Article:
Daughters of the Dirt / Sarah Higdon

by Jenny Moore

Were you to visit the playground this summer, before the grass turned brown and the first school bus rounded the corner, you might have noticed small children and their mothers giving in to the last days of summer; disheveled blondes with salt stains on their cheeks, sippy cups dropped in the mulch and everywhere, little plastic shoes lying in the grass.

Standing there in the mid-morning light, a group of white women sip ice tea from sweating bottles. The sun, a prominent glow in a white sky, casts its hot glare on their southwest silver. So relentlessly hot, this day brings even the most exuberant child to a slow descent across the grass to sit near his mother where the topic of conversation is Austin and his new nanny.

"Where did you find her?" one mother asks the other.
"She used to work for Christa. She says her girl is really good."

At this point perhaps a flinch. "My girl?" Then you hear it again. 

"Is your girl going to live with you?"
"Does yours clean?"
"Mine is going to teach Ellen Spanish."

"My girl." Definition: The Latina nanny. She's young, attractive, but not too attractive. She is between 21 and 45, conservatively dressed, acceptably middle-class and absolutely adores your children. She's in high demand and in full supply. Listen again: 

"My girl is really responsible. But she doesn't always clean up after herself."
"Monica is really good on walks with the kids."

Perhaps you think the mothers are talking about their pets. But we're not talking about pets. So, what's the point? I'm agitated. It's becoming harder to ignore that I live in an enclosed cultural pocket where parents desire for their children a "diverse" upbringing, but don't want to leave the comfort of their neighborhood lest the experience of diversity becomes "uncomfortable." It's becoming harder to ignore that I live in a place where mothers fight to get their children into a Spanish immersion program, but the only Spanish speaking person she allows herself contact with is the man who mows her yard. 

I live in a place where Anglo women publicly exhibit a sense of ownership over Latina women, projecting an air of culturally superiority, yet, at the same time, desire said women because they can offer their children "experiences" that mother and father can not. I guess the real issue is cultural hypocrisy: one group desiring the cultural heritage of another while fearing their company, their neighborhoods, their "differences." Let's go back to the playground, because there's something else to hear:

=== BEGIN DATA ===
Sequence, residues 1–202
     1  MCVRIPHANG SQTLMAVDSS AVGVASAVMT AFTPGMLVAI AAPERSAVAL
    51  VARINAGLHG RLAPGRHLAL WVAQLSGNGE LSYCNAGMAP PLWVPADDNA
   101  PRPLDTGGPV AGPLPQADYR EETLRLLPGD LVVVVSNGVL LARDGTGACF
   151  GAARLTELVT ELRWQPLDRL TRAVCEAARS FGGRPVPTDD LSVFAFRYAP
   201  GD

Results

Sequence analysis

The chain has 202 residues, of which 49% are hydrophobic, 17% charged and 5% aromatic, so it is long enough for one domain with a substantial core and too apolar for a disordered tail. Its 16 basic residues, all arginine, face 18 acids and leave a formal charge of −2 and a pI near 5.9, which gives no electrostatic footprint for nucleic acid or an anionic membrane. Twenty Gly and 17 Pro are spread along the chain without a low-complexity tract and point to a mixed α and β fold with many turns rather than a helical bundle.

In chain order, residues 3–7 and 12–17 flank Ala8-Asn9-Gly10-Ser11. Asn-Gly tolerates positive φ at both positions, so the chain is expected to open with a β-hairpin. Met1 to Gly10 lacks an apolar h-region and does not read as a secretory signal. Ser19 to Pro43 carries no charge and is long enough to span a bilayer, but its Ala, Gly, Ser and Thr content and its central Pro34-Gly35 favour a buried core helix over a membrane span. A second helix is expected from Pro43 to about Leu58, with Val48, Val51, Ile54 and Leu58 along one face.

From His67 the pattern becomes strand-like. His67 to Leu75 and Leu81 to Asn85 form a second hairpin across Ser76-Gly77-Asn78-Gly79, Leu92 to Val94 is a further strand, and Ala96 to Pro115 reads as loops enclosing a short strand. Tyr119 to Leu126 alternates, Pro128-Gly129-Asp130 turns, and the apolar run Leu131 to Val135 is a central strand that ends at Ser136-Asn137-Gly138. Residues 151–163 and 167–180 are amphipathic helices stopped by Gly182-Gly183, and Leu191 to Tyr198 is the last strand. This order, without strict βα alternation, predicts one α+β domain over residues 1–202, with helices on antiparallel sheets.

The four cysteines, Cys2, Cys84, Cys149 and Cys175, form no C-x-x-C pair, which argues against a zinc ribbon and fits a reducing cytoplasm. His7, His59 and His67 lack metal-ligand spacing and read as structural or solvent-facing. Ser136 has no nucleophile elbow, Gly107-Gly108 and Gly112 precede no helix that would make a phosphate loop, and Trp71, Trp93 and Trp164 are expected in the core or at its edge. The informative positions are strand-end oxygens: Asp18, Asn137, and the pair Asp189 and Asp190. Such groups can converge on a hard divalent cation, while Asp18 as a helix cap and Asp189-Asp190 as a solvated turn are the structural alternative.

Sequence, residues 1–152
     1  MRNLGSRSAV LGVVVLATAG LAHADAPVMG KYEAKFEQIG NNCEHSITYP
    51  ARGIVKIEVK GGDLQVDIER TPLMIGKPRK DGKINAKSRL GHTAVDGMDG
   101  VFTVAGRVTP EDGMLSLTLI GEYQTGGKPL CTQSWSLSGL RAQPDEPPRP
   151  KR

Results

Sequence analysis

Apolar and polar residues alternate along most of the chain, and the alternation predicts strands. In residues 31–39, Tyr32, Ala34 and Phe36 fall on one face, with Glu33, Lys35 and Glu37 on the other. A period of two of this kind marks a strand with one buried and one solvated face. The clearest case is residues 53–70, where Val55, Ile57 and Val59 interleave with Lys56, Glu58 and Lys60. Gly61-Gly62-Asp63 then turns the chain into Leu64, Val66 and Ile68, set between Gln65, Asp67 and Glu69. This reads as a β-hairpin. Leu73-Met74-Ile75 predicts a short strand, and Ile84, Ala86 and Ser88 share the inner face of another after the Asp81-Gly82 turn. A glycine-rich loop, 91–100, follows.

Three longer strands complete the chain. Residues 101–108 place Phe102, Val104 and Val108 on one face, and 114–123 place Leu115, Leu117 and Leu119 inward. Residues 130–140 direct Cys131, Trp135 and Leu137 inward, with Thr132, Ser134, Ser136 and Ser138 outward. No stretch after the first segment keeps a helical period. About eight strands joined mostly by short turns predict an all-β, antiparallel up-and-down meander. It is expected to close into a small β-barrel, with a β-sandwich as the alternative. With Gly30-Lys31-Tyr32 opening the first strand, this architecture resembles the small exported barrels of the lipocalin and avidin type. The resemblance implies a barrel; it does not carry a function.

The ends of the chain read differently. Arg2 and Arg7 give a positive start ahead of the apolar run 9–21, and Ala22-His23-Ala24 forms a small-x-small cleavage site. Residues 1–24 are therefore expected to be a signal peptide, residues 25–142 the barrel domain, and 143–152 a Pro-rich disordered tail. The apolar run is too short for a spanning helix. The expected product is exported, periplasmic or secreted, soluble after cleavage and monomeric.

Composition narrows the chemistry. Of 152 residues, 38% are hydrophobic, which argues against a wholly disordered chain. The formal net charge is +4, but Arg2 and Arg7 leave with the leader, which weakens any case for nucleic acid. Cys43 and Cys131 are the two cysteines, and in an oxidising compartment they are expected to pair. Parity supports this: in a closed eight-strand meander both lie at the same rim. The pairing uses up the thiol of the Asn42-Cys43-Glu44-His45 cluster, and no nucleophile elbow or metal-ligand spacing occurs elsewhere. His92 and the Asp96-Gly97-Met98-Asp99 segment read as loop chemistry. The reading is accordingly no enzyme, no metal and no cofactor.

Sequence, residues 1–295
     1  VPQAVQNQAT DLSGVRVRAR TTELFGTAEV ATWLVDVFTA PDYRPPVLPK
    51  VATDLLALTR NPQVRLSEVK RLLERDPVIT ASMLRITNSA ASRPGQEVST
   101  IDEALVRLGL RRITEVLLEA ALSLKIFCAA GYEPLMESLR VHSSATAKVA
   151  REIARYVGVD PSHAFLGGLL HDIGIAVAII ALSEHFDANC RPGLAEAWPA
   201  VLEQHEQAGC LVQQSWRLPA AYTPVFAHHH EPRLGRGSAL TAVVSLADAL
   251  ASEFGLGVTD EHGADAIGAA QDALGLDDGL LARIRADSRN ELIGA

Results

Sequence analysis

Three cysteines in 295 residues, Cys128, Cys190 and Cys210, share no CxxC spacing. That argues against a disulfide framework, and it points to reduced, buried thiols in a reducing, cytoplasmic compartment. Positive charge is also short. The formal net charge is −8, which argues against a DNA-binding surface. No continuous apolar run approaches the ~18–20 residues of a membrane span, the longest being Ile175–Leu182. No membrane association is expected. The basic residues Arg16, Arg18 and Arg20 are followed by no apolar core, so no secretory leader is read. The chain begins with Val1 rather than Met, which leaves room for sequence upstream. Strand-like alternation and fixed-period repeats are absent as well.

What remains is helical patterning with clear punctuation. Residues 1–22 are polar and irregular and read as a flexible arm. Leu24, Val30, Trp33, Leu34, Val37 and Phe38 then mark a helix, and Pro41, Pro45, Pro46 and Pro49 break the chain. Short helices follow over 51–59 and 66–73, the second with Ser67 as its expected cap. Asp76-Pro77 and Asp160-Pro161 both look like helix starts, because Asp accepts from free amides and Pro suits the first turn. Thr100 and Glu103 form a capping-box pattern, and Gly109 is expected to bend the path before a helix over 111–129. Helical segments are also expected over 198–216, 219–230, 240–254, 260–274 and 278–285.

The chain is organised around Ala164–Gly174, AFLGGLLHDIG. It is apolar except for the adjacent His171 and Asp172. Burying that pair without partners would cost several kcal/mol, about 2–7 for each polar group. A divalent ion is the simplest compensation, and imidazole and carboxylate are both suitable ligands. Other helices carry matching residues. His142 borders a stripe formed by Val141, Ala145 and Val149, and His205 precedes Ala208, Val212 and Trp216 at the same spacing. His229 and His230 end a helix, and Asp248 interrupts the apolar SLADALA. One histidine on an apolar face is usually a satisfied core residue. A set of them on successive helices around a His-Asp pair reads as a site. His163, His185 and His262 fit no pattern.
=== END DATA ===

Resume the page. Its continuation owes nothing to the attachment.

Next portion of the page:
"How much are you paying her?" she asks.
"Probably not enough," she answers.

In San Antonio a full-time nanny makes anywhere from $200 to $400 dollars a week. In comparison, a nanny in Austin makes between from $400 - $600. In other words, $8-10/hour in San Antonio (though some make significantly less) or $10 - $14/hour in Austin. Nannies can be hired through an agency, but many simply get around by word of mouth, and families will often assign a pay scale in relation to age, experience or services. Here's an example. Friends, but not friends, the women on the playground listened with increasing anxiety over what the other had found. Who had secured the best deal? One nanny had taken a dance and music class which might alleviate the need to drive to Gymboree twice a week. Another knew CPR. And best of all, another had some Indian blood in her and will prepare some Oaxacan dishes. Now that's a good arrangement they say.

Soon comes the first day of school, and a new scene appears on the playground. Mother is back at work and the nannies slowly inch toward one another. They introduce themselves. 

"Does he take naps?" she asks, pointing at the boy.
"Do you run her errands?"
"Do you cook for her?"
"Do her wash?"
"Is she often late?"

The women compare employers. They compare how much they are being paid in exchange for the skills they offer. Who is making what? Always more dollars for Spanish lessons, they say. The agreement is that it pays better than other jobs in the city, but the hours are long and sometimes very dull. Friends, but not friends, the women compare who has the best arrangement. 

The irony is overwhelming. Women negotiating with each other to agree upon standards of what has become a very successful underground childcare industry. And yet, you will never see these two groups of women at the playground together. You will never find them laughing, talking together, or exchanging information -- even though both their interests are at stake. But you will find these women in a competitive sort of solidarity.

This is where the conversations take place, albeit separate. This is where standards are set, where business is done. Here at the playground. Such a benign place... or so it seemed.
Jenny Moore is a freelance writer. She lives in San Antonio.